Masha's living the good life as a guest in the home of the friend she met in the ashram in Bangalore, while I've been languishing in a grubby hotel room near Egmore Station. Grr!

Today I get invited along to their day trip to Kanchipuram. Yay! Chauffered in an air-conditioned car with Masha, Havisha her friend and her grandma. More important than the luxury was meeting up with friends again! I didn't really realize how crappy travelling alone was till I had friends along for the journey. I guess I'm not really an island after all.

Lost without a Guidebook!

Marina Beach, Chennai

It was my crazy idea the night before Masha left to stay with her friends in Chennai, that I hand over my well thumbed guide book to her. She came to India totally unprepared and lost, with only a deep trust in existence to guide her experiences and travel. I came to India having pored through tons of internet pages and travel guides, clutching my Rough Guide to India for dear life!

It was her enviable connection to the Divine source that led her to a serious of beautiful and remarkable coincidences and events that constitute her spiritual journey so far. It was my incessant reading that led me to mine. But our experiences were not without their pitfalls.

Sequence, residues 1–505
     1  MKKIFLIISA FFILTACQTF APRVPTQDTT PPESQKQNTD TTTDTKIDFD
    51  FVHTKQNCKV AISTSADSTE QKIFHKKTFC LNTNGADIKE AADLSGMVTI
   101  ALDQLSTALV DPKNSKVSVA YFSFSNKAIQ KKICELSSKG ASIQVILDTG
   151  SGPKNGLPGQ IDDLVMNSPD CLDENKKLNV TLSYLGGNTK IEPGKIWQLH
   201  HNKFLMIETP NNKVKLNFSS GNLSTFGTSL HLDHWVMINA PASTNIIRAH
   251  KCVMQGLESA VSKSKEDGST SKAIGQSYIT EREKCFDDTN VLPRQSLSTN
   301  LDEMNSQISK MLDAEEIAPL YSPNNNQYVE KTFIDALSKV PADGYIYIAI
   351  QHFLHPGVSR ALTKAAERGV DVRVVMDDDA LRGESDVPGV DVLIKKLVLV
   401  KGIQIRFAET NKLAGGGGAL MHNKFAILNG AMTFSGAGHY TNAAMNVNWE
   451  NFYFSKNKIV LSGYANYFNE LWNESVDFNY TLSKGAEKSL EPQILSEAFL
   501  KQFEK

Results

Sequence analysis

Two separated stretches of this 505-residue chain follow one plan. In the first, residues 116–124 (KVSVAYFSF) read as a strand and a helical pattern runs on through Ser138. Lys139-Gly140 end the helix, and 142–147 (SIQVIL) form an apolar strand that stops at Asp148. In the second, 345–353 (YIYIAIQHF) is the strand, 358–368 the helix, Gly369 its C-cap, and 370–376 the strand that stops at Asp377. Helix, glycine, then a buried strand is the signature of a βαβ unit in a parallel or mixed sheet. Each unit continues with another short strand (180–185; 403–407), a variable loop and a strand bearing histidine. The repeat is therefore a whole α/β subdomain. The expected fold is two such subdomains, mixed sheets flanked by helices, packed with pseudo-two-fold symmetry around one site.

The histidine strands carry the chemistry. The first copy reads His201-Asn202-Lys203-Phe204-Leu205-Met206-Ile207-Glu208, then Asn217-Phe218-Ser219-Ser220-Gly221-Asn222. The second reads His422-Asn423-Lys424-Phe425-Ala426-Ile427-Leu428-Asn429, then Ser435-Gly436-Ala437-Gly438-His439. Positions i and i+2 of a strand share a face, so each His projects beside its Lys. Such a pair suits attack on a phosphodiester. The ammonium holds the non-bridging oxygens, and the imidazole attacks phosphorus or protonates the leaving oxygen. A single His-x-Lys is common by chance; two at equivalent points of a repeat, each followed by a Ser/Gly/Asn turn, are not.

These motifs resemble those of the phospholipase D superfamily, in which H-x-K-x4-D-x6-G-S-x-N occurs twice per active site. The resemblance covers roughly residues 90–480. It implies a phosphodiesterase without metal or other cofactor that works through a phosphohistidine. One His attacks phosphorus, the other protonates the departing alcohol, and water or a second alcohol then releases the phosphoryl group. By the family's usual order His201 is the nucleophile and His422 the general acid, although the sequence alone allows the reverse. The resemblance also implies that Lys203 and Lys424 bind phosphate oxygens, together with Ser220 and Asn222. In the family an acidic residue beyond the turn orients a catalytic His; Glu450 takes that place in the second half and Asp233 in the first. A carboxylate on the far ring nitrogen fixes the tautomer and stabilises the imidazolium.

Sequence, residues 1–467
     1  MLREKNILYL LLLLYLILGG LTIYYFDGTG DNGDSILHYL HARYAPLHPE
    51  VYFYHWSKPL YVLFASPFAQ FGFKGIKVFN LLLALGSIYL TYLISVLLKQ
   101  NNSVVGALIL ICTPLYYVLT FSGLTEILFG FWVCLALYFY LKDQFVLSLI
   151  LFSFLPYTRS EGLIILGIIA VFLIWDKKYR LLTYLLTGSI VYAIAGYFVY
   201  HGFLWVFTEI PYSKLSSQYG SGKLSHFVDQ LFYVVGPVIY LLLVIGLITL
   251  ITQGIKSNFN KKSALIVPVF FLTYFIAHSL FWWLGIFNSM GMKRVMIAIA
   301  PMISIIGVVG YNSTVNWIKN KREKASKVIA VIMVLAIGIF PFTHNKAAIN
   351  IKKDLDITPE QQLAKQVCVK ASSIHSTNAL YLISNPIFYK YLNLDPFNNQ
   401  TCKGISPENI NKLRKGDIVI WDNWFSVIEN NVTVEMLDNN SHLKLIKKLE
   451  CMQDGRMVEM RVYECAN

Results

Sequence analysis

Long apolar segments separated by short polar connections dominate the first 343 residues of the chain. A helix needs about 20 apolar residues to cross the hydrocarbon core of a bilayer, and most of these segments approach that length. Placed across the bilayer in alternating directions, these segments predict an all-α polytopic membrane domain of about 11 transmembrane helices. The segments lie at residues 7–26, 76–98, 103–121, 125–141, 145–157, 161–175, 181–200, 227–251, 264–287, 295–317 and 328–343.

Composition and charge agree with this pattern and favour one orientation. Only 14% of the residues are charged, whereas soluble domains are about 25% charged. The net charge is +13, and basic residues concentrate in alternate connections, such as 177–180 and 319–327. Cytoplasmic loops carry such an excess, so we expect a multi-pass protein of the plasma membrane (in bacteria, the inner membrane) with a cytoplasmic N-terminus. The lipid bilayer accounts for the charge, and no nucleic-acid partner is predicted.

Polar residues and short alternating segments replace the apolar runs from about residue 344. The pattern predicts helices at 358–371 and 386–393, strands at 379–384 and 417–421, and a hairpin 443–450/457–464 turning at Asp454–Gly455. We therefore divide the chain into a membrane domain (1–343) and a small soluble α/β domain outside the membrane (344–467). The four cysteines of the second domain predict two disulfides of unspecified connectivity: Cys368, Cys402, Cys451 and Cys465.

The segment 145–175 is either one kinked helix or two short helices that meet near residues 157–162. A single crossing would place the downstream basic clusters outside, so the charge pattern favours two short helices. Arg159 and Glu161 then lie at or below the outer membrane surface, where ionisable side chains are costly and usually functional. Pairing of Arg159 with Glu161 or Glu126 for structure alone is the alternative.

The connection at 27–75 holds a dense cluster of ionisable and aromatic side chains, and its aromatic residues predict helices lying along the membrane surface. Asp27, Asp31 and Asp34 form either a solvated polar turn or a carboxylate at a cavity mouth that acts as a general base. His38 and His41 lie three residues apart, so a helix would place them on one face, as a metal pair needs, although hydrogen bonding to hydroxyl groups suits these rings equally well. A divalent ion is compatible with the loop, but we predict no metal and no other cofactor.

I guess it was natural of us to want to exchange a little of our energies, a little bit more prudence and planning on her part, a bit more spontaneity and trust in the divine on mine. So I came up with the idea of handing over my guide book to her. it would be mutually beneficial!

Can I survive without a guidebook? Most certainly it makes locating good and cheap accommodation hard. I arrived in Chennai in the middle of the night having had to wait for the bus to plow through the molasses of the Chennai traffic jam, managed to get a room and a decent night's sleep. I think I will buy a new guide book =P. But far from returning to my old ways, am definitely going to hold on a little to the spirit of surrender and let go a little to the spirit of control.

Bye bye Masha, may we get to travel again if existence permits!

My Naadi Jothida Reading

The life and death of every person destined to seek his destiny by finding his naadi leaf was written ages ago by Rishis on palm leaves (naadi leaves). Find your leaf and find a wealth of information about your past, present and future lives! Naadi Jothida has had me enthralled since prior to my India trip, and finding my Naadi leaf in India is definitely a must do on my list.

However weeding through the mass of astrologers to find the authentic ones had proven to be quite a challenge.

In the Tiruvanammalai ashram we were given a referral for a Naadi astrologer living near the north gate of the temple!